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Balanced versus unbalanced outputs
Balanced versus unbalanced outputs
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Old 22nd February 2011, 04:55 AM   #1
ksporry is offline ksporry  China
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Default Balanced versus unbalanced outputs

Not sure where to post this right now, so here should be as good as any place.
Can someonbe tell me the difference between balanced and unbvalanced outputs for both sources and speaker outputs?
What are the pro's /con's and why would one pick one over another?
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Old 22nd February 2011, 05:35 AM   #2
cbdb is offline cbdb  Canada
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Non balanced outs mean a signal voltage only on the + output, the - output is grounded. A balanced output means a signal voltage on both the + and - outs with the negative out 180 deg out of phase (or negative to the + signal).

When a line level balanced input sees this it extracts the signal by subtracting the - from the +. Any noise picked up on the line between out and in will be equal on both + and - and will cancel during this subtraction. Another advantage is if one leg of you interconect goes dead you still get some signal transfer.

A balanced amp out is the same (signal voltage on both + and - outs) but for a different reason. Here its used to get 4 times the power from the same rail voltages. At full power a +/- 30 v rail amp will put about 30 volts into the speaker, if you balance the outs your getting about 60 volts to the speaker (30 on the + terminal and -30 on the - terminal)

One thing to know. Profesional balanced outs are 14dbu hotter than consumer outputs so if your using ballanced outs make sure the out level matches the input.
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Old 22nd February 2011, 06:08 AM   #3
CBS240 is offline CBS240  United States
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Remember that for a balanced output signal you are taking essentially a (rectified) full wave signal from the power rails so you will need more reservoir capacitance but fortunately of lesser voltage.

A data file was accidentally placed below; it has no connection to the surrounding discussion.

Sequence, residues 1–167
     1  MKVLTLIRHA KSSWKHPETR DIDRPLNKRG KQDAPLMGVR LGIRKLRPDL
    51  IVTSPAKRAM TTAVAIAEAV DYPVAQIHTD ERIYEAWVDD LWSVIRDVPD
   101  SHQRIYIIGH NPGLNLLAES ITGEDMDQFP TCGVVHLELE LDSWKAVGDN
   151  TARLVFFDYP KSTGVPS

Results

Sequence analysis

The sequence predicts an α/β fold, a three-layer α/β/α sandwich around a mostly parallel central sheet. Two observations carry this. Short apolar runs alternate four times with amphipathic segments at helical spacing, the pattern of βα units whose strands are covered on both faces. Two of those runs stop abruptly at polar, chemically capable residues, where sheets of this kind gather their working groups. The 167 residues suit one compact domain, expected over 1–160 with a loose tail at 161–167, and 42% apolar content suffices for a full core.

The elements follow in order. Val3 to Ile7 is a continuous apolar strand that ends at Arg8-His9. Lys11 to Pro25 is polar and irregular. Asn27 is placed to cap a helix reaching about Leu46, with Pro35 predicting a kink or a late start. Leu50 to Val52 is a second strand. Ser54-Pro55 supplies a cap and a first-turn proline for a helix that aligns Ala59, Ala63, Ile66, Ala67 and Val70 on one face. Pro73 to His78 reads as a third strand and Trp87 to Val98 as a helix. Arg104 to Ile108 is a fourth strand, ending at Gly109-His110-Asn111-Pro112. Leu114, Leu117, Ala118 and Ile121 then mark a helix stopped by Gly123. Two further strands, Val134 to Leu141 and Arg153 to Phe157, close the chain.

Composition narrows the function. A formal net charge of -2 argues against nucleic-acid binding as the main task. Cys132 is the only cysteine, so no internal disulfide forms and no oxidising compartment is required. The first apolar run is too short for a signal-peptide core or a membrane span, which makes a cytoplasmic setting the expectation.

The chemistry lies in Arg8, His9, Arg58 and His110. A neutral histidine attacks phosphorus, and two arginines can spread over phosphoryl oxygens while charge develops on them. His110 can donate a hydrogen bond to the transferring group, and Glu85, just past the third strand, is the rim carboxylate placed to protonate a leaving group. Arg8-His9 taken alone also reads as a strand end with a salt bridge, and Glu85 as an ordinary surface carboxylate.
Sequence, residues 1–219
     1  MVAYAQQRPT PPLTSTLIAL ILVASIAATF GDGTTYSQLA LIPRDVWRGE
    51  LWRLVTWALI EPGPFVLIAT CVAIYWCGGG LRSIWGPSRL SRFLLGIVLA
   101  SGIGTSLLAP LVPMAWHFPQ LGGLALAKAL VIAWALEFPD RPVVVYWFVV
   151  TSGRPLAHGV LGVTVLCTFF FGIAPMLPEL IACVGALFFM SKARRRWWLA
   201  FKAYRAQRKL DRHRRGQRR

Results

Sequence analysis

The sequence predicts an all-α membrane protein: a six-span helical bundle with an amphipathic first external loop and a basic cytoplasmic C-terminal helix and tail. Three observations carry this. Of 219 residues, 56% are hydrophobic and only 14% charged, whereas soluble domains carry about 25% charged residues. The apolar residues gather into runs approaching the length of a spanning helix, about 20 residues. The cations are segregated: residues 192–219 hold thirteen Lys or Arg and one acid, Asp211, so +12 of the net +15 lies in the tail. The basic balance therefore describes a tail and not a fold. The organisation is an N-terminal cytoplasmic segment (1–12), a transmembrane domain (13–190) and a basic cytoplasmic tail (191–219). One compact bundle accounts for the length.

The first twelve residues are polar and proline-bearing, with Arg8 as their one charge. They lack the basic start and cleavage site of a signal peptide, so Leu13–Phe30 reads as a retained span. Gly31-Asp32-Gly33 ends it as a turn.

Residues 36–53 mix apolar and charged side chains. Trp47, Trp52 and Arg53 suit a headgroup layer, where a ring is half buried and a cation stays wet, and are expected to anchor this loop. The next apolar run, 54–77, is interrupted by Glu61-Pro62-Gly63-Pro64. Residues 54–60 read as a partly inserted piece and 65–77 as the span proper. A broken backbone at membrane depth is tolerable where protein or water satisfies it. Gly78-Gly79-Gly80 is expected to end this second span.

Balanced line level inputs have significant advantages as mentioned above. Some other pros of balanced output topology is the elimination of common mode distortions. Better PSRR due to at any given time signal is taken from each power rail equally. Inherently you can get twice the SR from a balanced output. Lower voltage transistors can be used. Lower Vce(ds) devices tend to have more conductance which is good because the speaker is driven by two devices in series. They tend to be cheaper too.

Some cons are that you have more complexity since you essintially have two amplifiers, although the two amps actually bias each other. Differences in phase shift from one output to the other will create distortion. This is the reason you would want to build a "balanced" input stage and VAS that are equal and common to each other, driving two seperate output stages. Bridging two SE amps is not optimal. Creating a perfect balanced signal from a SE input is not so straight forward unless you can tolerate a signal transformer (no disrespect to the valve guys, I'm sure they would loose the iron if they could), or op-amps. Op-amp phase splitters tend to deviate in phase for HF content from inverting to non-inverting circuits, not optimal IMO.

Personally I prefer balanced topology, but we audio fananics each have our own preferences and reasons.
All the trouble I've ever been in started out as fun......

Last edited by CBS240; 22nd February 2011 at 06:13 AM.
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